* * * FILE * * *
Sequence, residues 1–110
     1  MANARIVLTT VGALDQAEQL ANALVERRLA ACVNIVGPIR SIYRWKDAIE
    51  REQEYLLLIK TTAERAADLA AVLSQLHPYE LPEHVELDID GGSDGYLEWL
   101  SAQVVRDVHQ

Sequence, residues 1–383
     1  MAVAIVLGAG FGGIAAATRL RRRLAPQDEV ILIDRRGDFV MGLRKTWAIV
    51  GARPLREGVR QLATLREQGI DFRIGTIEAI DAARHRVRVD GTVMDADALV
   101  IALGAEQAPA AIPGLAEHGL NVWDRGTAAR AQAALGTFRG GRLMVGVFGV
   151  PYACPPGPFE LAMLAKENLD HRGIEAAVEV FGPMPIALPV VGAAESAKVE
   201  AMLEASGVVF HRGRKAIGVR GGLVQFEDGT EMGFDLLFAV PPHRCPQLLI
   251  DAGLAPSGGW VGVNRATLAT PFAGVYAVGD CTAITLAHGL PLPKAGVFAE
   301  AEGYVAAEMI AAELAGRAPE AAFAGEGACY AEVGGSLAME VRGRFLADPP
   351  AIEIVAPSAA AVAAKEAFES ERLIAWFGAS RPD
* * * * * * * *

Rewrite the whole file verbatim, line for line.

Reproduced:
Sequence, residues 1–110
     1  MANARIVLTT VGALDQAEQL ANALVERRLA ACVNIVGPIR SIYRWKDAIE
    51  REQEYLLLIK TTAERAADLA AVLSQLHPYE LPEHVELDID GGSDGYLEWL
   101  SAQVVRDVHQ

Sequence, residues 1–383
     1  MAVAIVLGAG FGGIAAATRL RRRLAPQDEV ILIDRRGDFV MGLRKTWAIV
    51  GARPLREGVR QLATLREQGI DFRIGTIEAI DAARHRVRVD GTVMDADALV
   101  IALGAEQAPA AIPGLAEHGL NVWDRGTAAR AQAALGTFRG GRLMVGVFGV
   151  PYACPPGPFE LAMLAKENLD HRGIEAAVEV FGPMPIALPV VGAAESAKVE
   201  AMLEASGVVF HRGRKAIGVR GGLVQFEDGT EMGFDLLFAV PPHRCPQLLI
   251  DAGLAPSGGW VGVNRATLAT PFAGVYAVGD CTAITLAHGL PLPKAGVFAE
   301  AEGYVAAEMI AAELAGRAPE AAFAGEGACY AEVGGSLAME VRGRFLADPP
   351  AIEIVAPSAA AVAAKEAFES ERLIAWFGAS RPD